Gender equality in Europe - Statistics & Facts

Gender inequality is the idea that women and men are not equal and refers to the unequal treatment or perceptions of individuals due to their gender. For many European societies equality between genders is a core value. In the 2016 Global Gender Gap Report, Europe held the top 4 spots for gender equality, with Iceland, Finland, Norway and Sweden ranking 1st through 4th respectively. It also contained two European nations that ranked in the bottom 30 countries: Albania at 108 and Turkey at 120.

Unemployment rate, pay gap and inequalities in the working position are among the major indicators of gender equality in the economic sector. For example, women’s unemployment rate in Italy as of October 2016 stood at 12.4 percent against 11 percent for men. In Spain on the other hand, the youth unemployment rate of females aged between 20 and 24 years in the third quarter of 2016 amounted at 39.18 percent, almost equal to that of males.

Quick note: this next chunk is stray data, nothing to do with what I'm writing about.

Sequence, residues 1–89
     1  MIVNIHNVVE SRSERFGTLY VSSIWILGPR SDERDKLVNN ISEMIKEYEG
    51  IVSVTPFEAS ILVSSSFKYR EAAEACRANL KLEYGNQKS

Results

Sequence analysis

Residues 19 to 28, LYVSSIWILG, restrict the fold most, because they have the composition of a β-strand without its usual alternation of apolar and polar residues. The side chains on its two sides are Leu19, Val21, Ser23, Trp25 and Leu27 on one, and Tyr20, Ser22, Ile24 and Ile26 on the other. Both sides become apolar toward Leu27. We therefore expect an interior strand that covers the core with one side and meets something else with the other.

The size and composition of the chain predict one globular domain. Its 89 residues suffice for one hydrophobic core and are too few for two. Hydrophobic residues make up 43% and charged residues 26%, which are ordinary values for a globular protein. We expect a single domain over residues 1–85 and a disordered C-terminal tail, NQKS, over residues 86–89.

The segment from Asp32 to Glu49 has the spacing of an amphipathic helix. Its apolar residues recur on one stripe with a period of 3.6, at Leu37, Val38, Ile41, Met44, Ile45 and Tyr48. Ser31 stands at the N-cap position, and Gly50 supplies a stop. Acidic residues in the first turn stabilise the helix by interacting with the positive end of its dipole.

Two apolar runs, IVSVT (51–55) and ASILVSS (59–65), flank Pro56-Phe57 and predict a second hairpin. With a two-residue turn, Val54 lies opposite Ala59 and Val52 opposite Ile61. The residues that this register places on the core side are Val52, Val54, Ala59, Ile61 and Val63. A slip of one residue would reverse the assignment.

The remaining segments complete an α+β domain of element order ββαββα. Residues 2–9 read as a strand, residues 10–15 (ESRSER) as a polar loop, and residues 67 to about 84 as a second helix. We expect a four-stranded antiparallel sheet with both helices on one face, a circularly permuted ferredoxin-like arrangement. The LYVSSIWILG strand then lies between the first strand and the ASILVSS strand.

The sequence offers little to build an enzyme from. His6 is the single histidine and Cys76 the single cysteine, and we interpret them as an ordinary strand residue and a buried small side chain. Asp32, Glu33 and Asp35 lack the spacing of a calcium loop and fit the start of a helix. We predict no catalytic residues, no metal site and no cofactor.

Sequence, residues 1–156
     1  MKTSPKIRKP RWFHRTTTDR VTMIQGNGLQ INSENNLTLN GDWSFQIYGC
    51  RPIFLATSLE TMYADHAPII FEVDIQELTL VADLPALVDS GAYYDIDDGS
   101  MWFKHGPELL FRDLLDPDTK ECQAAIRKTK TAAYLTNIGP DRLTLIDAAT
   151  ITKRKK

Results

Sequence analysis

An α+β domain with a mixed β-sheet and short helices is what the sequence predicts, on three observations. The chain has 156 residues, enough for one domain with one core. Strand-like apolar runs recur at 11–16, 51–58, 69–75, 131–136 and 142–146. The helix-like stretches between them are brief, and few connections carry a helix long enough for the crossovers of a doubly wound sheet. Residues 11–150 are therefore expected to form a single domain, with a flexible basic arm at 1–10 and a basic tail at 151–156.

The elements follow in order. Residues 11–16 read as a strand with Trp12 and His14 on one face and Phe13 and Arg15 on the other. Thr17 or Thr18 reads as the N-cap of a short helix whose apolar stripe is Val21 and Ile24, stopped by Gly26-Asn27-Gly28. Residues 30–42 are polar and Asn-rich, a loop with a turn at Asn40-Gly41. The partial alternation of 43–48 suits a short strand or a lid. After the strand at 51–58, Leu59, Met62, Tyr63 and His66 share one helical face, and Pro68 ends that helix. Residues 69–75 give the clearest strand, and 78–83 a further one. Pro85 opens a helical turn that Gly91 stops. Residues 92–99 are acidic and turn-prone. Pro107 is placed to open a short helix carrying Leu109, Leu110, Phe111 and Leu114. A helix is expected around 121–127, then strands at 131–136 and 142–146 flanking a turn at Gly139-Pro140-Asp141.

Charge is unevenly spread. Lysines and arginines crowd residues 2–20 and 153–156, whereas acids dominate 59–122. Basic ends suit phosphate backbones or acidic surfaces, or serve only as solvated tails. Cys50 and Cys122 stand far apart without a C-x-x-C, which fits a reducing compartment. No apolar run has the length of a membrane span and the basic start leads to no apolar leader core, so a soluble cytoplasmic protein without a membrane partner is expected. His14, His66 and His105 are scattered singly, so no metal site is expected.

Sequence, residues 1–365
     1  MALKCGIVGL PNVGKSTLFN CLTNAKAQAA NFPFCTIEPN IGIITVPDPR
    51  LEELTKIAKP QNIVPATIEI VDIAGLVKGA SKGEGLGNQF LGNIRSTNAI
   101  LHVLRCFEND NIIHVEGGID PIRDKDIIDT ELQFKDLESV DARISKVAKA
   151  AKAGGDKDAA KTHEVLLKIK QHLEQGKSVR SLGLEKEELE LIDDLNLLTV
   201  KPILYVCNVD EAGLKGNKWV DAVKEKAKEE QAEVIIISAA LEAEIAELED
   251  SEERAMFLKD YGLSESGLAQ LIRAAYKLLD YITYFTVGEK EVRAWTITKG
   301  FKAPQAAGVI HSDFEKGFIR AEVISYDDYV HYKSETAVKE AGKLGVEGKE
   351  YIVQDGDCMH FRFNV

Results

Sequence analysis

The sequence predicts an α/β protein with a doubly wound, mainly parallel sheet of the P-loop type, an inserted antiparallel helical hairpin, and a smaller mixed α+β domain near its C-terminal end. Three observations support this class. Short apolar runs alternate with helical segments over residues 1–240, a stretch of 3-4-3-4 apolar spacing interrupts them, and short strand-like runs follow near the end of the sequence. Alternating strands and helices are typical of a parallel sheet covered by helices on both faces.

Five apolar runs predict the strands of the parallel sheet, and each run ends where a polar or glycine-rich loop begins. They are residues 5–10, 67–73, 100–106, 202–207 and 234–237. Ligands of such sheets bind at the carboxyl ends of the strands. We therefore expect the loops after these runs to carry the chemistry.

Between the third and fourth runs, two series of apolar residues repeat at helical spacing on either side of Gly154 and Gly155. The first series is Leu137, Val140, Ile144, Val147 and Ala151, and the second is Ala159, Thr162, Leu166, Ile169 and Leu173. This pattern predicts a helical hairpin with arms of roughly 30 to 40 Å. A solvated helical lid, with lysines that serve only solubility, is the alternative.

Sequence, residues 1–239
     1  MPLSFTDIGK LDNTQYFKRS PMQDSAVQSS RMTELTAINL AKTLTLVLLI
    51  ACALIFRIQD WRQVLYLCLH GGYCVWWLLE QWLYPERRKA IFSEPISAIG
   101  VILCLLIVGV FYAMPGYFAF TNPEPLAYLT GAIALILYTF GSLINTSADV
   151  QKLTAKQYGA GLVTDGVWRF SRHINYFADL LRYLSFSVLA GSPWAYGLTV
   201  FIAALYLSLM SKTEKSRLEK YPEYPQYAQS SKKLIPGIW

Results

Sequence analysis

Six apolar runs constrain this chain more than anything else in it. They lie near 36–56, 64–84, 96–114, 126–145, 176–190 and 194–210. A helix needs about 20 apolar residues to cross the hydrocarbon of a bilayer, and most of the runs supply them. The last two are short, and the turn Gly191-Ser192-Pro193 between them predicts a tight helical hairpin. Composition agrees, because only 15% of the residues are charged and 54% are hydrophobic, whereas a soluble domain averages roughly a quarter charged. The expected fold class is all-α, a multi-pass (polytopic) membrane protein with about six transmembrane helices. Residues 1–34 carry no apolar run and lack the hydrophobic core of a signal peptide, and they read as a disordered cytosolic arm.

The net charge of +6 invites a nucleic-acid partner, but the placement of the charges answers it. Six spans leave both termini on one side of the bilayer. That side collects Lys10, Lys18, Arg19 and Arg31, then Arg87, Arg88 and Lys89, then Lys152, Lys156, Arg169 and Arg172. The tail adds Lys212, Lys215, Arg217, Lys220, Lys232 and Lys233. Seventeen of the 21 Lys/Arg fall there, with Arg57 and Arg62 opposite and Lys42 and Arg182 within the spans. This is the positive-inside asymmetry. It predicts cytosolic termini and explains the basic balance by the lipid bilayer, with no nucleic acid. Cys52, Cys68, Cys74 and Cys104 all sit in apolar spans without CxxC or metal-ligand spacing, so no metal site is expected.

Male figures concerning the gender pay gap, which is the average difference between a man's and a woman's wages or salaries, are consistently higher than those of females, though they generally show a decrease over the last years. For example, in 2006, females in the U.K. earned on average 1.5 British pounds per hour less, while in 2016 the difference was 1.34 British pounds. Over time, Belgian women have been able to narrow the gap, so that in 2013 the average earnings of a Belgian woman were seven percent less than the salary of a Belgian man.

In the workplace there are still too few women in leadership positions. A clear example of inequality in working position comes from Italy, where in 2016 women accounted for only 22 percent of total manager positions.

It is however interesting to notice that in 2016 Iceland ranked fourth for female political participation in national parliaments, with its Parliament consisting of 47.6 percent women. In 2015, 29.4 percent of British MPs were women (191 out of 650). Women's presence in parliament in Italy gives a different example, where the President of the Chamber of Deputies is a woman, Laura Boldrini, but there are no women occupying positions as Presidents of any Parliamentary Group.

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